Long­time Kad­mon con­sul­tant slapped with in­sid­er trad­ing charges re­lat­ed to $1.9B Sanofi buy­out

Months af­ter Sanofi snapped up Kad­mon for $1.9 bil­lion, a long­time Kad­mon con­sul­tant has been ac­cused of us­ing in­sid­er knowl­edge of the buy­out to make more than $400,000 in il­le­gal prof­its.

The SEC filed a com­plaint against Frank Glass­ner in a Man­hat­tan fed­er­al court on Tues­day, charg­ing him with in­sid­er trad­ing. The 68-year-old was al­so slapped with two se­cu­ri­ties fraud charges from the De­part­ment of Jus­tice, which car­ry max­i­mum prison sen­tences of 20 and 25 years, re­spec­tive­ly.

Glass­ner was ar­rest­ed on Tues­day morn­ing in No­va­to, CA, where he lives and runs a con­sult­ing firm.

In a com­plaint filed that day, the SEC ac­cused Glass­ner of re­ac­ti­vat­ing a dor­mant bro­ker­age ac­count with­in 30 min­utes of learn­ing con­fi­den­tial in­for­ma­tion about the Sanofi buy­out back in late Ju­ly. The very next day, he al­leged­ly be­gan pur­chas­ing Kad­mon stock — all while work­ing on ac­qui­si­tion-re­lat­ed ex­ec­u­tive com­pen­sa­tion analy­ses for Kad­mon.

By the time Kad­mon and Sanofi an­nounced the buy­out deal on Sept. 8, Glass­ner held 28,445 shares and 910 call op­tion con­tracts. That day, his stock val­ue surged 71%, reap­ing $405,000 in il­lic­it prof­its, the SEC claimed.

“This type of il­lic­it ac­tion makes mar­kets un­fair and cre­ates an at­mos­phere of dis­trust. Our work in­ves­ti­gat­ing in­sid­er trad­ing hope­ful­ly re­stores faith for in­vestors who need to be­lieve in the process,” FBI as­sis­tant di­rec­tor-in-charge Michael Driscoll said in a news re­lease from the DOJ.

Sanofi closed its buy­out in No­vem­ber, pick­ing up Kad­mon’s new­ly ap­proved Rezurock for chron­ic graft-ver­sus-host dis­ease. Months lat­er, CEO Paul Hud­son re­vealed plans to shut­ter Kad­mon’s New York plant and lay off 25 em­ploy­ees.

Glass­ner’s case is the lat­est in a slew of re­cent in­sid­er trad­ing suits, in­clud­ing last Sep­tem­ber when a for­mer My­lan IT ex­ec­u­tive plead­ed guilty to an in­sid­er trad­ing scheme ahead of pub­lic an­nounce­ments re­gard­ing FDA ap­provals, rev­enue re­ports and its merg­er with the Pfiz­er gener­ics sub­sidiary Up­john.

The ac­tions land­ed Dayakar Mal­lu more than $8 mil­lion in un­re­al­ized prof­its and loss­es avoid­ed, re­sult­ing in net prof­its and loss­es avoid­ed of more than $4.2 mil­lion, the DOJ re­port­ed.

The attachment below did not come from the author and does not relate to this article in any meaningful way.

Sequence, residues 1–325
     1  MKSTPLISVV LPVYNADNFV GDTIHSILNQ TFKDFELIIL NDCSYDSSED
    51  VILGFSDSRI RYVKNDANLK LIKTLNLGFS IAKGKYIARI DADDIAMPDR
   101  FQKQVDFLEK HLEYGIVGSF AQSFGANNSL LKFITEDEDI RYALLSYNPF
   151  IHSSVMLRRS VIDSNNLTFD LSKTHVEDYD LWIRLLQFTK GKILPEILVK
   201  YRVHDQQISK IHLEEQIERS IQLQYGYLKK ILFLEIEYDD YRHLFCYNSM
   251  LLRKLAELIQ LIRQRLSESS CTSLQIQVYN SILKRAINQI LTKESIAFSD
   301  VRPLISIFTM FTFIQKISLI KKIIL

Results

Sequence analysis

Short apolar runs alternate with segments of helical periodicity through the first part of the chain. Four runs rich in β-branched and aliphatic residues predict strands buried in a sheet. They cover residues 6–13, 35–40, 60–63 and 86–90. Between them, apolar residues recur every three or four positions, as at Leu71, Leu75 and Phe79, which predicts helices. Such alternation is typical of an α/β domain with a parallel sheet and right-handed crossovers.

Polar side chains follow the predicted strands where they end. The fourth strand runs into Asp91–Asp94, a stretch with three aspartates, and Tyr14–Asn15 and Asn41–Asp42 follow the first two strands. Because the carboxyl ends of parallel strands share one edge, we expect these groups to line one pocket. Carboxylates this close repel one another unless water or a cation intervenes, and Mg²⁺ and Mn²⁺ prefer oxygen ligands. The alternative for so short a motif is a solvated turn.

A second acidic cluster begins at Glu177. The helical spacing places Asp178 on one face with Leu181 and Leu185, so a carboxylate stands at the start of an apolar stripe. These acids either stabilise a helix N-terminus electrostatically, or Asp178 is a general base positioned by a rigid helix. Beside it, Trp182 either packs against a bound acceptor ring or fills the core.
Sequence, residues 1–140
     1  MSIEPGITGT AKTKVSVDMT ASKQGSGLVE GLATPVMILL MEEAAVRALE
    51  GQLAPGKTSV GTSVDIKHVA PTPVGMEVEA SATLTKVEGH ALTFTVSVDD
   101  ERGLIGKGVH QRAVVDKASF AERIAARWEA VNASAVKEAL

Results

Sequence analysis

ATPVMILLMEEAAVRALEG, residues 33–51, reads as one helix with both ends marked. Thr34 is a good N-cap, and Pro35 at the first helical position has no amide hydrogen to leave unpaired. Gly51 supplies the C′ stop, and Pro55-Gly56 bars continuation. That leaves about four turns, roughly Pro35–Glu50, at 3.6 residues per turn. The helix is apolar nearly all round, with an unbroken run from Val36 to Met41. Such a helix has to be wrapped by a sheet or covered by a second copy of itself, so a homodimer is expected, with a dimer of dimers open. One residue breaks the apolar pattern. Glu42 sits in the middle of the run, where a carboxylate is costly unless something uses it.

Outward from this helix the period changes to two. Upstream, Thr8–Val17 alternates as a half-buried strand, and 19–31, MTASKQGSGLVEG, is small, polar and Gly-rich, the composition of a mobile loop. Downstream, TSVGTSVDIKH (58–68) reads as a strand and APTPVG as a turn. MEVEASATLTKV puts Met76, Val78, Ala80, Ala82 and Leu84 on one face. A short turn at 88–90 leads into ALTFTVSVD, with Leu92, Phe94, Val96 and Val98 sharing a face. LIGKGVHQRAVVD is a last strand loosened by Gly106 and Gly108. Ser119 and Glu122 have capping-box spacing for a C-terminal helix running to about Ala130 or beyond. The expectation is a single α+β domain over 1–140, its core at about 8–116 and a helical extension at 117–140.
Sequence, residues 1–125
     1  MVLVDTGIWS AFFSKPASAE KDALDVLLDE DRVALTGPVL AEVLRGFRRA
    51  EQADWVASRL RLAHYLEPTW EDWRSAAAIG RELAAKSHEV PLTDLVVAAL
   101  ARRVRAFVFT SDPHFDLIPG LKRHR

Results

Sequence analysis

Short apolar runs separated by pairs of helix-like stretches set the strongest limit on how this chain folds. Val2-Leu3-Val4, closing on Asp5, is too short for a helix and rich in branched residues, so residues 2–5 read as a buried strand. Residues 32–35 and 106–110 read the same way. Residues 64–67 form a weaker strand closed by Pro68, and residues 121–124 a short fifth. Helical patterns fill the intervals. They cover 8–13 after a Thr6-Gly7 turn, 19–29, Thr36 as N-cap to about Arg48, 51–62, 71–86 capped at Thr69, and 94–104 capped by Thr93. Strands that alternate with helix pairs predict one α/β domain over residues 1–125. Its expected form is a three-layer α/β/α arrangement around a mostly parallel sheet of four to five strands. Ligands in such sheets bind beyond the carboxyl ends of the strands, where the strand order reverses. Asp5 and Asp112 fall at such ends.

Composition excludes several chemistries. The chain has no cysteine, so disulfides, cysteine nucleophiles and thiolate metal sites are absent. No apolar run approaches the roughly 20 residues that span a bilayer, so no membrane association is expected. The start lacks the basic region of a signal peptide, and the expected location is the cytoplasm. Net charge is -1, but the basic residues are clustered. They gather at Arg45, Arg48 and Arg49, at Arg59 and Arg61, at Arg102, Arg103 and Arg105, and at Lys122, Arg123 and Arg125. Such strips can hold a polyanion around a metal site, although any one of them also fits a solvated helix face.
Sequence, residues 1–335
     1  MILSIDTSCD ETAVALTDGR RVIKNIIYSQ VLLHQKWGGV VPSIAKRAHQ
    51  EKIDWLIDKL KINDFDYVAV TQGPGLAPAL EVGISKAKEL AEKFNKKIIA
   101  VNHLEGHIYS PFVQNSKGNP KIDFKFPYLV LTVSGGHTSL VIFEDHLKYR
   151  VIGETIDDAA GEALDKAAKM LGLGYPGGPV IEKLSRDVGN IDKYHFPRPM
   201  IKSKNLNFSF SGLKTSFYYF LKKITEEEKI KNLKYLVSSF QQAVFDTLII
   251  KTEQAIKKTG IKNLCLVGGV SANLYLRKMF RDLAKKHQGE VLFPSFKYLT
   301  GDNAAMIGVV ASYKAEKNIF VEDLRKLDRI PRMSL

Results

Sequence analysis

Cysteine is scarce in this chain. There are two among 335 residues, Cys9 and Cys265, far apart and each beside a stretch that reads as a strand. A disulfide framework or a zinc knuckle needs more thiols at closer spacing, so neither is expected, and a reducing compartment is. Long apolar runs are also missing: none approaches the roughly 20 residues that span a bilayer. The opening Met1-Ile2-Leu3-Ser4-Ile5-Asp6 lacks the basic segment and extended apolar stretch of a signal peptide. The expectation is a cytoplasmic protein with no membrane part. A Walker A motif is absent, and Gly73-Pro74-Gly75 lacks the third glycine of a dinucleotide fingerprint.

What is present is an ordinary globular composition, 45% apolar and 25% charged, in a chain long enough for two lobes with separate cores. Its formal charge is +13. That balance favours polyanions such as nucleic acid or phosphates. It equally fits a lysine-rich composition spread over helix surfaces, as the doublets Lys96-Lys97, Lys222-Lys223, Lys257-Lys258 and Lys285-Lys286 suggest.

That same month, the SEC ac­cused ex-Gold­man Sachs an­a­lyst Jose Luis Casero Sanchez of mak­ing at least 45 il­lic­it trades re­lat­ed to the merg­ers of AM­AG Phar­ma­ceu­ti­cals, Viela Bio, Roivant Sci­ences and oth­ers.

Back in Au­gust, the SEC charged for­mer Medi­va­tion ex­ec Matthew Panuwat with in­sid­er trad­ing be­fore Pfiz­er’s buy­out deal went pub­lic. With­in min­utes of learn­ing the con­fi­den­tial news, Panuwat al­leged­ly bought stock op­tions in an­oth­er mid-cap can­cer drug de­vel­op­er, In­cyte, whose val­ue he thought would ex­plode once the Medi­va­tion ac­qui­si­tion went pub­lic.

Sure enough, Panuwat’s In­cyte stock op­tions rough­ly dou­bled, earn­ing him more than $100,000 in prof­its, ac­cord­ing to the SEC’s com­plaint.

More re­cent­ly, for­mer Im­munomedics CFO Us­ama Ma­lik was in­dict­ed on three counts of in­sid­er trad­ing, se­cu­ri­ties fraud and se­cu­ri­ties fraud con­spir­a­cy, af­ter al­leged­ly shar­ing in­sid­er in­for­ma­tion about a Phase III study for Trodelvy with his then-girl­friend and a num­ber of rel­a­tives.

And just last month, a Five Prime tri­al in­ves­ti­ga­tor al­so plead­ed guilty to se­cu­ri­ties fraud, af­ter he was ac­cused of buy­ing more than 8,700 shares just a few hours be­fore the com­pa­ny re­leased pos­i­tive Phase II tri­al re­sults.

Scoop: Boehringer qui­et­ly shut­ters a PhII for one of its top drugs — now un­der re­view

Boehringer Ingelheim has quietly shut down a small Phase II study for one of its lead drugs.

The private pharma player confirmed to Endpoints News that it had shuttered a study testing spesolimab as a therapy for Crohn’s patients suffering from bowel obstructions.

A spokesperson for the company tells Endpoints:

Taking into consideration the current therapeutic landscape and ongoing clinical development programs, Boehringer Ingelheim decided to discontinue our program in Crohn’s disease. It is important to note that this decision is not based on any safety findings in the clinical trials.

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Fed­er­al judge de­nies Bris­tol My­er­s' at­tempt to avoid Cel­gene share­hold­er law­suit

Some Celgene shareholders aren’t happy with how Bristol Myers Squibb’s takeover went down.

On Friday, a New York federal judge ruled that they have a case against the pharma giant, denying a request to dismiss allegations that it purposely slow-rolled Breyanzi’s approval to avoid paying out $6.4 billion in contingent value rights (CVR).

When Bristol Myers put down $74 billion to scoop up Celgene back in 2019, liso-cel — the CAR-T lymphoma treatment now marketed as Breyanzi — was supposedly one of the centerpieces of the deal. After going back and forth on negotiations for about six months, BMS put $6.4 billion into a CVR agreement that required an FDA approval for Zeposia, Breyanzi and Abecma, each by an established date.